Credit bureaus sell dozens of different credit scores; some are “educational,” designed for consumers, some generic, used by lenders, and still others are designed for mortgages or car loans. So even when you get a copy of your credit score, it may not be easy to figure out what you have received.
Fair Isaac created the FICO score, which ranges from 300 to 850. Borrowers qualify for the lowest interest rates if their score is ~750 or higher; scores below 620 likely mean getting a loan may be difficult. FICO is the most widely used credit score.
Experian, Equifax, and TransUnion, the three major credit bureaus, created the VantageScore that is used by some lenders. VantageScore has a range of 501 to 990, making it difficult to compare to a FICO score. VantageScore Solutions is about to release a new version based on the 300 to 850 range used by FICO.
Free Credit Reports
Even though free credit reports are available at AnnualCreditReport.com, selling credit scores and credit monitoring services is a big business. You should consider getting your credit score if you are thinking about financing a car or home during the next six-plus months. A six-month lead time will give you time to fix any errors in the report.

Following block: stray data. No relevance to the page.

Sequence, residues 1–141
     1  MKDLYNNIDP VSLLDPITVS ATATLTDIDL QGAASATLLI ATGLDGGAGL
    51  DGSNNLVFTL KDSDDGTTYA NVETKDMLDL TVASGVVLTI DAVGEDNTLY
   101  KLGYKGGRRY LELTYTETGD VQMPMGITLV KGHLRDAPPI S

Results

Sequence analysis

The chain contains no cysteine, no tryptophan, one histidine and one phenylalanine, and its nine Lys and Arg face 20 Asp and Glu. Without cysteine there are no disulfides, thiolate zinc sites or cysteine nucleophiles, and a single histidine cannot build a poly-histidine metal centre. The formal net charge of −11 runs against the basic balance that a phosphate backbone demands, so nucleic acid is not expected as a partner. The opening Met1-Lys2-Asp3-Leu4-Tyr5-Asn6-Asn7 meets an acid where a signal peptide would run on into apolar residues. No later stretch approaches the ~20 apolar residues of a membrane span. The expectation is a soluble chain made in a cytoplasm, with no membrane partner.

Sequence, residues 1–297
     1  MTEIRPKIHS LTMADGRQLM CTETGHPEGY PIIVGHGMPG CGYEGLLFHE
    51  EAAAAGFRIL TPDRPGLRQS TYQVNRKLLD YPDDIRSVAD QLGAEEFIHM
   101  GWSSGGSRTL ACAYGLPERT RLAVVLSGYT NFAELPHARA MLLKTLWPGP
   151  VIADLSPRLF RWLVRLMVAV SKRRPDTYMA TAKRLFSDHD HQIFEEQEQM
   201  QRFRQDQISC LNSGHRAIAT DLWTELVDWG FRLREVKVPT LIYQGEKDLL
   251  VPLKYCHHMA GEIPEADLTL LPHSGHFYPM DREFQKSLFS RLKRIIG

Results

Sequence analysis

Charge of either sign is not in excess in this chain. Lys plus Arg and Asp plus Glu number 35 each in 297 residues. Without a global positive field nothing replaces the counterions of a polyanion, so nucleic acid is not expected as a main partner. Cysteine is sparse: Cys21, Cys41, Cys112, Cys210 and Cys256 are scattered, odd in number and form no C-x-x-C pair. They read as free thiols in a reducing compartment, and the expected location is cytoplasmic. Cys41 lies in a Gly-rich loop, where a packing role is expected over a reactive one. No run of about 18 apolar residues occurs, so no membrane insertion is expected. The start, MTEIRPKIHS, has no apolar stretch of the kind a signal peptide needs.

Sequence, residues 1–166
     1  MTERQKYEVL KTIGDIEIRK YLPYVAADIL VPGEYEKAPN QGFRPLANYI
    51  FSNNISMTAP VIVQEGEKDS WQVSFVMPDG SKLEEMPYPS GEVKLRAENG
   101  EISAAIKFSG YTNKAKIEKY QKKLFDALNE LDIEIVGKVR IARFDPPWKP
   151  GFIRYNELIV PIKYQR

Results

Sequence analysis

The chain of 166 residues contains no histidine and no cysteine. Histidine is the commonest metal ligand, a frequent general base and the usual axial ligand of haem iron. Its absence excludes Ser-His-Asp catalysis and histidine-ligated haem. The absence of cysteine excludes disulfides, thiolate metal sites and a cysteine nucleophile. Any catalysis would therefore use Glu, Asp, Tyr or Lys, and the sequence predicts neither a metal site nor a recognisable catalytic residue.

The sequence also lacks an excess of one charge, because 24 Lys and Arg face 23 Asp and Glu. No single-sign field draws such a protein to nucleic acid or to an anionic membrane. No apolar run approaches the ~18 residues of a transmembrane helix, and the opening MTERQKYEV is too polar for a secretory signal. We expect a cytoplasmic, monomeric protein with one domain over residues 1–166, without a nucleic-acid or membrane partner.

If you are going to pay for a report, Equifax and TransUnion FICO cost $20 each at myFICO.com. Experian FICO scores are not available to consumers. If you opt for a free option, CreditKarma.com offers a free TransUnion TransRisk score and VantageScore. CreditSesame.com provides a free Experian National Equivalency Score. In general, if one of these free credit reports ranks your score as “good,” your real FICO score is likely to be good.